Customers increasingly dissatisfied with mail-order pharmacies

October 1, 2013

The level of customer satisfaction with mail-order pharmacies continues to decline well below that of brick-and-mortar pharmacies, according to a study by J.D. Power and Associates.

The level of customer satisfaction with mail-order pharmacies continues to decline well below that of brick-and-mortar pharmacies, according to a study by J.D. Power and Associates.

The study measured customer satisfaction with brick-and-mortar pharmacies across 5 areas-prescription ordering and pickup, store, cost competitiveness, non-pharmacist staff, and pharmacist. With mail-order pharmacies, the study examined customer satisfaction with cost competitiveness, prescription delivery, prescription ordering, and customer service.

Scores were based on responses from 12,700 pharmacy customers who filled a prescription three months prior to the survey period of July and August 2012.  Mail-order pharmacies averaged a 792 overall satisfaction score (on a 1,000 point scale), 14 points lower than the previous year.

By contrast, brick-and-mortar pharmacies averaged an overall satisfaction score of 814, 4 points lower than the previous year. Customer satisfaction scores declined in each of the 4 areas examined in mail order.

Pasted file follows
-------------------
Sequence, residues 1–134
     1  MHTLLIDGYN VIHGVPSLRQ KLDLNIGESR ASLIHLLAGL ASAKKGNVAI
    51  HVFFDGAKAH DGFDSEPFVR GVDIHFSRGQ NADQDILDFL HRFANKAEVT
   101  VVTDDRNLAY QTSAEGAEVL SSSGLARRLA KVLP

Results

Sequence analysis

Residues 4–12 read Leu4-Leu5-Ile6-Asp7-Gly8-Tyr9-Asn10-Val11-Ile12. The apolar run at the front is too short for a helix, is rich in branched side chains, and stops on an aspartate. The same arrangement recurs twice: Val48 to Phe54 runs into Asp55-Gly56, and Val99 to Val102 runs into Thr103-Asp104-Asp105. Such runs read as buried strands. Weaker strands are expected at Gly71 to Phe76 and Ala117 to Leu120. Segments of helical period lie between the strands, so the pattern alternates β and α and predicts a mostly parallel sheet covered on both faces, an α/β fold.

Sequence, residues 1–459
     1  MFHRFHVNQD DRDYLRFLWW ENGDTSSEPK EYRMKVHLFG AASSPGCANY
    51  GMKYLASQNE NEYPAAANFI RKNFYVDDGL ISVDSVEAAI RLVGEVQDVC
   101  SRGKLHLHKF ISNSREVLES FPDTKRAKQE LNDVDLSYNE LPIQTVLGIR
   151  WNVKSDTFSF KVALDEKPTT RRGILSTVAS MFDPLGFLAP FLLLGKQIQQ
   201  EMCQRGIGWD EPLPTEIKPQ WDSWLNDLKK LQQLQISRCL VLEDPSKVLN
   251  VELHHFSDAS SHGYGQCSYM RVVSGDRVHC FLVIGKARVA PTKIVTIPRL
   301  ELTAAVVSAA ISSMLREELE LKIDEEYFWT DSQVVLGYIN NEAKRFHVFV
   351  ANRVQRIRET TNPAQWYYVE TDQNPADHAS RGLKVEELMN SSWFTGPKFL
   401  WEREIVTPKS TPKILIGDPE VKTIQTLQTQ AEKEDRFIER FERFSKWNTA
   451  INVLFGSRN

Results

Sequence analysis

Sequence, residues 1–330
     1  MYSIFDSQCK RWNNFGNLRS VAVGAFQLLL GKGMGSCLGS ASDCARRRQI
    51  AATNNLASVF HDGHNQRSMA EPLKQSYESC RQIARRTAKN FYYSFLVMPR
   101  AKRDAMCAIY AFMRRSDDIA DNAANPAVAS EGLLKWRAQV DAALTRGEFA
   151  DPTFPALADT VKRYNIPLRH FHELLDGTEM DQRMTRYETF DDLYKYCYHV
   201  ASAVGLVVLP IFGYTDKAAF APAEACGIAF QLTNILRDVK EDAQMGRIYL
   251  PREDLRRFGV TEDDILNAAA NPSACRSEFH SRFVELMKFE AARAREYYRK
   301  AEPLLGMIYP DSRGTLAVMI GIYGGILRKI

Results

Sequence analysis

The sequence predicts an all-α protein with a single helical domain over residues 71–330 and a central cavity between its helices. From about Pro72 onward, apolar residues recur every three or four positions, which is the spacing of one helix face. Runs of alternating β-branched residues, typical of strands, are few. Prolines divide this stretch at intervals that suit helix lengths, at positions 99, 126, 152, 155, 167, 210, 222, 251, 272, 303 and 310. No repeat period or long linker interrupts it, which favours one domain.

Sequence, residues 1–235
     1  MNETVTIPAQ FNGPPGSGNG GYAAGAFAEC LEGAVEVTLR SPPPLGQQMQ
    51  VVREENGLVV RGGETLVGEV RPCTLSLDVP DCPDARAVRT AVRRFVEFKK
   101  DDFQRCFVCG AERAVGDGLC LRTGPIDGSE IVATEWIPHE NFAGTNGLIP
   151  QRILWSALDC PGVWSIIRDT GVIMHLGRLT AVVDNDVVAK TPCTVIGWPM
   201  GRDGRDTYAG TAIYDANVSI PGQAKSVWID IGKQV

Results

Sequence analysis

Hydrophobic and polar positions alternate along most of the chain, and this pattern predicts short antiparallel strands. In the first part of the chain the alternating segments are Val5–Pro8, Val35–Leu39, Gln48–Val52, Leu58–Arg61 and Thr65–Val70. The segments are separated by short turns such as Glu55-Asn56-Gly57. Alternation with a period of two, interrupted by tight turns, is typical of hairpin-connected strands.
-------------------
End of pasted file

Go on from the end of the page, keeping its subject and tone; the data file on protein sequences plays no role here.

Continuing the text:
“The erosion in customer satisfaction with mail-order pharmacies may foretell challenges to their business model, as prior to 2011 customer satisfaction was more equivalent to the brick-and-mortar experience,” said Rick Millard, senior director of healthcare practice at J.D. Power and Associates. “Acceptance of mail-order programs grew by offering customers convenience and lower costs. While this has been a successful approach, the mail-order business needs to continue to adapt to meet customers’ increasing expectations.”

Customers cited location convenience and customer services as the key factors in selecting a brick-and-mortar pharmacy. “Customer service is becoming an increasingly important advantage of the brick and mortar pharmacy experience,” Millard said. “The pharmacist is at the heart of that customer services. While the majority of customers don’t speak with a pharmacist in person, their presence may help draw customers to stores.”